We know that receptors in a synapse bind to neurotransmitters, and this binding can change the likelyhood of a nerve cell to fire. But do these receptors only bind to one specific neurotransmitter, or is there more to it? We can think of a receptor as a lock that only a specific key can open, a particular geometric and chemical structure that only certain molecules can interact with.
Agonists, Partial Agonists, and Antagonists
This is the nicotinic acetylcholine receptor, one of two acetylcholine receptors. It is a complex tangle of amino acids, where only molecules of a specific geometry can fit inside.
Obviously acetylcholine fits, as this is an acetylcholine receptor. This means acetylcholine is called a agonist at this receptor. Nicotine is also a agonist at the nicotinic acetylcholine receptor.
Since the structure of the receptor is so complex, other molecules can “kind of” fit, but activate the receptor only partially. Varenicline is one of these compounds, and is called a partial agonist. It simulates the pleasurable effects of nicotine, although not nearly as well, and prevents nicotine from binding to the receptors it is already attached to – which is why it is sold as an aid to quit smoking.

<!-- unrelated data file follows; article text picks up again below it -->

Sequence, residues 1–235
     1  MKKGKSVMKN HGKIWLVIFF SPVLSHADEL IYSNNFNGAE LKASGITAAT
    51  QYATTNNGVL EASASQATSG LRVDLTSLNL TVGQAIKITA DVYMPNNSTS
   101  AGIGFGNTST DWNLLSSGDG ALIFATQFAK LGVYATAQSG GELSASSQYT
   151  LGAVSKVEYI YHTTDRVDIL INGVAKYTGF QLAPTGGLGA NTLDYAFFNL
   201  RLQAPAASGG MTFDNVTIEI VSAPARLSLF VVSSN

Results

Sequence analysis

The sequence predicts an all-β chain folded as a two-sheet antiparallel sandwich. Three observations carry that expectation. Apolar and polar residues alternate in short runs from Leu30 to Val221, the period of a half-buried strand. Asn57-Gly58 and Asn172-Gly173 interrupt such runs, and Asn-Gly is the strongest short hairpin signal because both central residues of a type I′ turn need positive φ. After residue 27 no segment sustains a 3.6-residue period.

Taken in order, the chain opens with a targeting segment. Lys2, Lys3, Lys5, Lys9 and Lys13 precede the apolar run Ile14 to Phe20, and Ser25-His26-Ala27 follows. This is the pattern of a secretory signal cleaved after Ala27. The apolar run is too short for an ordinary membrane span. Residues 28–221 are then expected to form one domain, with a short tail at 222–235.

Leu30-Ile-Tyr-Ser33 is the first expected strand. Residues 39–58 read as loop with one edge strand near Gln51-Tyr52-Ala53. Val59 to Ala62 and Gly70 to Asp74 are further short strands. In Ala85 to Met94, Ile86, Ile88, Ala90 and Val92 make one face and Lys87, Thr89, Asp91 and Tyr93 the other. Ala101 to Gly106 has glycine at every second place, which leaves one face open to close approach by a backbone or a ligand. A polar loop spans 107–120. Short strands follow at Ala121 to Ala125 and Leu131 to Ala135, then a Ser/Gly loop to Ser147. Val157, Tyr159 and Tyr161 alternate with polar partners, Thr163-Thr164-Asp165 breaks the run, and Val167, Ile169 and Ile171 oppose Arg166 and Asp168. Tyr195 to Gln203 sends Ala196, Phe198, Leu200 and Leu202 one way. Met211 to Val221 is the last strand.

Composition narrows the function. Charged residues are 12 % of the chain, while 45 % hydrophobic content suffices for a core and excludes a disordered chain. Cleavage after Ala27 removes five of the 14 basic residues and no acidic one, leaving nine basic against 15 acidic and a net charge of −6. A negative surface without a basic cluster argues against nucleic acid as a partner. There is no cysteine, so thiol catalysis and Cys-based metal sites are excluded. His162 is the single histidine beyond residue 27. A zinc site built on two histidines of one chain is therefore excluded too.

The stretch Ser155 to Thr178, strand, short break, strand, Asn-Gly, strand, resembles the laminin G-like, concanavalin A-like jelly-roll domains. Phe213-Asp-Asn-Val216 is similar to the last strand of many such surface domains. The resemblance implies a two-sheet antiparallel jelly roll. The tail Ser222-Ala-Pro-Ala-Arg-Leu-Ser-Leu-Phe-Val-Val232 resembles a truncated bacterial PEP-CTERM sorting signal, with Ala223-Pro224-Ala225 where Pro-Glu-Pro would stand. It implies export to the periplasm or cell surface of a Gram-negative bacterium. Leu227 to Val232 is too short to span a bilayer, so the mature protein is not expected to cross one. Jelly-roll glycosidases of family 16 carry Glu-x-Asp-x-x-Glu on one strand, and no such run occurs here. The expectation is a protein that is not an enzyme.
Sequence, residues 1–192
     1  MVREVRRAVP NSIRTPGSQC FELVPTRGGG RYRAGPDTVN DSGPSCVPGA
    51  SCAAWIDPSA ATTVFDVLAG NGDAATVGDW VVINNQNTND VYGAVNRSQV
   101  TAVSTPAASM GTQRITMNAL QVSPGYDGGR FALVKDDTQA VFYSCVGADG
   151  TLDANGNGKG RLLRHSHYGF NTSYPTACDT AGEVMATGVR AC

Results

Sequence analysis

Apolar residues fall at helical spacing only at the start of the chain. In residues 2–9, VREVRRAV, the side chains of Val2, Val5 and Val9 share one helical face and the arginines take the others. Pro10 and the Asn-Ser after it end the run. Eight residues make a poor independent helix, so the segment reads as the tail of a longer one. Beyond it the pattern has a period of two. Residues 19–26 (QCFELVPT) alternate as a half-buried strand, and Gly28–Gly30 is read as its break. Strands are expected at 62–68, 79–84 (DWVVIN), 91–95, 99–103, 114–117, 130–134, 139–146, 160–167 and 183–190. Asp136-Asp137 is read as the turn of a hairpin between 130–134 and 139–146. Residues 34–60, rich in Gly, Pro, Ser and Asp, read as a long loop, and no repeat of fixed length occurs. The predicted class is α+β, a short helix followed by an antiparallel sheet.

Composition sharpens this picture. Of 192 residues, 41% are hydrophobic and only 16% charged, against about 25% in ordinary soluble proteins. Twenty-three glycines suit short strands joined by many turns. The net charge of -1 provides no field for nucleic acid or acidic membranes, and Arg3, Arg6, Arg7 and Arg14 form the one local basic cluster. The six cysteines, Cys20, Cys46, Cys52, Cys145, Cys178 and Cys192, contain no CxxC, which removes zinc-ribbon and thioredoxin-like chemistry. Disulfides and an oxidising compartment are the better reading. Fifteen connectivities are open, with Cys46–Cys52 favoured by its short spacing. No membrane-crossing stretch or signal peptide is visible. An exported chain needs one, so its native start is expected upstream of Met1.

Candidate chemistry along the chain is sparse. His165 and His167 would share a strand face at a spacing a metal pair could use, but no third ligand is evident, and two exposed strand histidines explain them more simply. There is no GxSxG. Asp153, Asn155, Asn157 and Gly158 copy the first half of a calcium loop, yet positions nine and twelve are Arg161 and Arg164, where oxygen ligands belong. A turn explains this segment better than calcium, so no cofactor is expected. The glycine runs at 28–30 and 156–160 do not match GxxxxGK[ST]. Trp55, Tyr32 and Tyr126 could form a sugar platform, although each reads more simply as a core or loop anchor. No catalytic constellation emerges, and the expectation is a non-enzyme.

Other compounds can fit in the receptor, but do not activate it at all. Bupropion is one of these, and is called an antagonist. It is sold as an antidepressant and smoking cessation aid, as it binds to nicotinic acetylcholine receptors but does not activate them.
But there are two acetylcholine receptors, nicotinic and muscarinic. Acetylcholine is an agonist at both, while each compound is selective for its particular receptor.
|Compound||Nicotinic Acetylcholine Agonist?||Muscarinic Acetylcholine Agonist?|
We then call nicotine and muscarine selective agonists at the acetylcholine receptor. This concept is important in modern medicine, as a certain drug may want to target only a specific subreceptor to create a certain effect, as a full agonist may activate far too many other receptors and overwhelm the intent of the drug.
The people trying to make drugs that mimic the cancer inhibiting effects of cannabis without the pleasurable high? Yep, they’re searching for selective cannabinoid agonists, although they may be missing the point.